We took our DS to be assessed and basically got told not to bother by the consultant. The school does have support in place for him and we were told our DS even if diagnosed would not get any additional support simply because he's not severely affected by it. So no chance of an EHCP for example.
But I found talking to the consultant really helped and even if you choose not to pursue a diagnosis you can feel comfortable about that decision. Our consultant also said that the social issues can become more apparent as they get older and said we should come back if further down the line we felt a diagnosis would be useful. Even without actually getting a diagnosis the route there actually gave us a lot of information about local services which has been very useful.
Posted too soon!
So yes pursue a diagnosis I doubt it will do anything but get your DS help.
A diagnosis and a full statement was very helpful for my DS at high school. He decided not to utilise any special help at college or University although life would have been easier if he had done.
DSM 5 eliminated the diagnostic category ASPERGER’S DISORDER and lumped it with a more general category of AUTISM SPECTRUM DISORDER. “Asperger’s Syndrome” is still a part of World Health Organization’s (WHO) ICD-10, which does not contain diagnostic criteria, except for the “Diagnostic Criteria for Research”, which are presented below:
polter said what I was going to! I describe my DS as having HFA but his actual dx is under DSM V and is ASC. I use HFA as its what people recognise.
I also believe a dx is important. You can support children, shelter them almost, but eventually they become autistic adults. A diagnosis allows them to be protected under DDA and have reasonable adjustments made at work etc.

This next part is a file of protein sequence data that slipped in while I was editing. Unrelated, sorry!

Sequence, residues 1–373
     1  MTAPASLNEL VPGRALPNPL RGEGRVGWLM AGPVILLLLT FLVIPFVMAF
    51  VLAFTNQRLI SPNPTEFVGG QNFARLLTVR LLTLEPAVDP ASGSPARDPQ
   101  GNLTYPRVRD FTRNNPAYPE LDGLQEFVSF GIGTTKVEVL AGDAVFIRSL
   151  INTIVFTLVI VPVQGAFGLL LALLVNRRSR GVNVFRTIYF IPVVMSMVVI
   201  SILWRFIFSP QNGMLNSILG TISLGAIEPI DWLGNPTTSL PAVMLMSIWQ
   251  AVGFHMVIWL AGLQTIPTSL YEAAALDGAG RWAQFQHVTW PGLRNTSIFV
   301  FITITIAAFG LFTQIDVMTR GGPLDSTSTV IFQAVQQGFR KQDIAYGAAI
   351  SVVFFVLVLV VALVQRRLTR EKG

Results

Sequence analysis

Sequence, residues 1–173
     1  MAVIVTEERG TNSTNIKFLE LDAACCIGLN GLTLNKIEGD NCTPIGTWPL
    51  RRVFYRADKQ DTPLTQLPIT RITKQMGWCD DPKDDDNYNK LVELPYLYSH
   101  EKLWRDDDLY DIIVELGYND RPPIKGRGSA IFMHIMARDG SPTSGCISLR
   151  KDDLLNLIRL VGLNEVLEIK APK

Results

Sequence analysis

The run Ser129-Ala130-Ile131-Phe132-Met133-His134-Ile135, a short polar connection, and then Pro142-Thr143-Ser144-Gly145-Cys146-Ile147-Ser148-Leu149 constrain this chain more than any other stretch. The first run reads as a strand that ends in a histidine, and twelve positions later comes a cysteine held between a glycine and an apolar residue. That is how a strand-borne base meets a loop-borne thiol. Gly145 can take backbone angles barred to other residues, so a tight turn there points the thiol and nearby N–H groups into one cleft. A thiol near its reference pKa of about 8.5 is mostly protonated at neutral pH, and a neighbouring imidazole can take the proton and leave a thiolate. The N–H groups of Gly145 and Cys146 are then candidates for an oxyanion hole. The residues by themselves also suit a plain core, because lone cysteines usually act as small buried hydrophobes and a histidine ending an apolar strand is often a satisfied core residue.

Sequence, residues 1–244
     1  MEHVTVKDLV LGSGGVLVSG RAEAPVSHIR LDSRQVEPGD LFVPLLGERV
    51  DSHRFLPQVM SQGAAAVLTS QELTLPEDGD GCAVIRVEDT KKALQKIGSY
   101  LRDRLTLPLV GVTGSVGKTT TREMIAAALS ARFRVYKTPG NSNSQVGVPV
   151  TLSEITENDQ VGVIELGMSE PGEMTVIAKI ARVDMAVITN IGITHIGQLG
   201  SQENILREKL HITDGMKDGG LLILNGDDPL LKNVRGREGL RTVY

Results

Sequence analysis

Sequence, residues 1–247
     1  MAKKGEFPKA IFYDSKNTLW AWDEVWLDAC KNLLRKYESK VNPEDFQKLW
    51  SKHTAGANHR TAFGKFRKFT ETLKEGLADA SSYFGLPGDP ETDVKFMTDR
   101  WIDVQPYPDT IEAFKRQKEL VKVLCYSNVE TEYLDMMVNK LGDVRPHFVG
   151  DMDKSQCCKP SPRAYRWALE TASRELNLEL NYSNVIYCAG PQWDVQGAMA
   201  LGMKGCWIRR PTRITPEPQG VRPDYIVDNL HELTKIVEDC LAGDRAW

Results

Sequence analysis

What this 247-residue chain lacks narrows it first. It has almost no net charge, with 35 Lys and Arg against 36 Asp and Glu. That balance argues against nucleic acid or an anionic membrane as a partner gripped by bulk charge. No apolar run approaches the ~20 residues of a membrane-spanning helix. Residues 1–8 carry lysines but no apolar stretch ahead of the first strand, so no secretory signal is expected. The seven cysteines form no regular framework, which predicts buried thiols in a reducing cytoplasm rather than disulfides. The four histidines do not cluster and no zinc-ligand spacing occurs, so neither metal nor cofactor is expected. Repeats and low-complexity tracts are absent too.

yes definately. Like others DD held it all together until secondary, where it all fell apart. Because we had no formal diagnosis it was the beginning of 2 years of hell for us all as a family, but we finally got a diagnosis, we are in the final stages of an EHCP which covers far more than the previous statement, from what I have gathered, and she may well get back into full time education in another 18 months.
Due to the problems with DD, we started the process of DS much sooner, as had already recognised his traits, at the beginning of year 5, so that we are better informed and can help him to know and understand himself better and hopefully not have the same problems his sister had.
The main thing is their being able to access help to understand themselves and make sense of the world from their perspective. DS, 9, is strangely able to do this far easier than DD, 15. Maybe the earlier he knows, the less of an issue it is.
The bear pit of secondary school was part of the reason we went for diagnosis. A primary environment is very different to secondary. Diagnosis is a tool to get support to allow your dc too learn to cope in an NT world.